Backpack glossary: a guide to understanding the features and why they matter.

Hey Siri, it’s me again…I know, I ask a lot of questions. Do you happen to know what a grab handle is?
Siri: A grapple is a grape and an apple…

Hey Google, I have no idea what a monogram is. Do you know what it is?
Google: A sonogram is a…

Alexa? What’s a sternum strap?
Alexa: I’m sorry, I haven’t heard of that band…

Okay, let’s take the robot out of the equation. We’re asking someone else. Hey Lands’ End, can you tell me what makes a better backpack? Great! Now please tell me what you mean by:

Backpack Sternum Strap

A sternum strap is a shoulder saver that helps disperse the weight of a backpack from the shoulders to the chest and other parts of the upper body. It’s a clip mechanism that keeps the padded shoulder straps linked together across your chest, more specifically, your sternum. If you use a sternum strap regularly your back will thank you for your good habits. If not, you might sound like a creaking floorboard when you get out of bed twenty years from now.

Backpack Lunchbox Clip

A lunchbox clip is for you to attach your lunch to the outside of your backpack. Remember when your lunchbox opened unexpectedly in your backpack and that bag of ice spilled all over your final essay? You tried to tell the teacher but they’d heard it all before and that was your crying wolf moment. What about that one backpack you had to get rid of because it always smelled like bananas? Or the daily PB&J sandwich smushed into a berry pancake at the bottom of your bag? Well, you’re probably more of a lunchbox clip type of person. It may not help ice or juice from spilling open but it does keep homework, laptops, or your second set of clothes safe from whatever bad day your lunchbox might bring. No more having to scrounge around the business of your bag when it’s attached right there for you. Convenient and clean.


Not to be confused with somebody who denies, and no, it’s not about Robert DeNiro either. A denier is a measurement for thread thickness and strength. While one denier would be plenty for an ant, us humans notice the quality with a high denier count. Backpacks have different denier needs: since the base gets the most rugged use it’s likely to be a higher reinforced strength like 1200 denier, while the rest of the backpack at 600 denier can be more flexible to the form to the myriad contents inside. These high denier counts are what’s going to keep that backpack lasting even if one of the straps gets stuck in the car door and the car takes your bag away on a short trip as you run yelling after it. These are some things we think about when we make our backpacks.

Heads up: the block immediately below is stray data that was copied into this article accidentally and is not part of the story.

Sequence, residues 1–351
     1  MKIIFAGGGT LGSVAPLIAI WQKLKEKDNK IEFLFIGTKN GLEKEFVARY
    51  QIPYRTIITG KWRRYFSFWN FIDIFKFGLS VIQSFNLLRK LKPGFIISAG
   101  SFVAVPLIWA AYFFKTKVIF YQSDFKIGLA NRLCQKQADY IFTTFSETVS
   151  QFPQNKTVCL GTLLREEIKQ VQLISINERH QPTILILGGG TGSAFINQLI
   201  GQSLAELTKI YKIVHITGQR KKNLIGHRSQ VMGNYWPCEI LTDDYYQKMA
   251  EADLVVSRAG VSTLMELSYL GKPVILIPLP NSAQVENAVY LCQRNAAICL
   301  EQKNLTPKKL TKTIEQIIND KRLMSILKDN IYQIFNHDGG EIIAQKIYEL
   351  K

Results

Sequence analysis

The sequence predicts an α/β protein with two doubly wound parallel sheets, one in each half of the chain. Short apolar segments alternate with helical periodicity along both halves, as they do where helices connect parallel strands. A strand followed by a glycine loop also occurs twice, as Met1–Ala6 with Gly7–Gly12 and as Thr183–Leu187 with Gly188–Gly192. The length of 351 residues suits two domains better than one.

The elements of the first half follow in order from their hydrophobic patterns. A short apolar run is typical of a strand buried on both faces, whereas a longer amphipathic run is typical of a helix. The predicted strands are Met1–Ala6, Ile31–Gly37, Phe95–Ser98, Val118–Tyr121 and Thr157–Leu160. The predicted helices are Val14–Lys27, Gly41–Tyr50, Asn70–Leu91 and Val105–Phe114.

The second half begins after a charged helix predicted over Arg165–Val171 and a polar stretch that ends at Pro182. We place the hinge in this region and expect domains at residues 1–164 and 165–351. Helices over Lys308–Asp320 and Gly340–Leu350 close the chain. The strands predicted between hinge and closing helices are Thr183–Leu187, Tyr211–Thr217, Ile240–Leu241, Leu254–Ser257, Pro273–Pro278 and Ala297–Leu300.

Backpack Grab handle (GRAB hann dull)

The grab handle is the strong u-shaped handle on the top of your backpack. It’s the first thing you reach for when you speed out the door for the bus, when you hear the school bell go off, and the last thing you hold before running out onto the practice field. Or if you’re a parent, you might call it the “homework handle” when you’re bringing your kids backpack to them in order to get them off their phones.

Backpack with a foam padded back panel

No matter how heavy those books get, a foam padded back panel is a key feature in a Lands’ End school backpack. It will keep oddly shaped items from jutting into your back and will provide comfort all day long, especially after sitting on those uncomfortable desk chairs for hours. Less impressive backpacks don’t have these. Not only does it serve the back well, it gives the backpack its shape which helps keep it from flopping onto its side or frontside down. We’re all about a two-for-one.

YKK Zipper (why kay, kay, zip purr)

YKK Zippers are the tried and true, most trusted zippers on the planet. Other companies try to save a dime with cheaper versions and the amount of frustration that comes from broken zipper teeth or a zipper that snaps right off often renders the whole pack useless. What’s a backpack without a good zipper? A shopping bag. Treat your backpack with the same respect you give to your jeans and stick with the YKK zipper.


A monogram comes in various designs and is a way to personalize a backpack with one, two, or three initials. Go the extra mile with a full name too! No more wasted time looking for a blue backpack in a sea of blue backpacks. “Ope, there it is, let’s go!”

Embroidered Icon

Similar to a monogram, an embroidered icon adds some personal flair to a backpack. Do you like camping, sailing, lounging back in an Adirondack chair, or find yourself personified as an emoji? Lands’ End has 198 options worth adding.

Now you’re on your way to finding the absolute best backpack for you or your family. You’ll be “backpack in session.”

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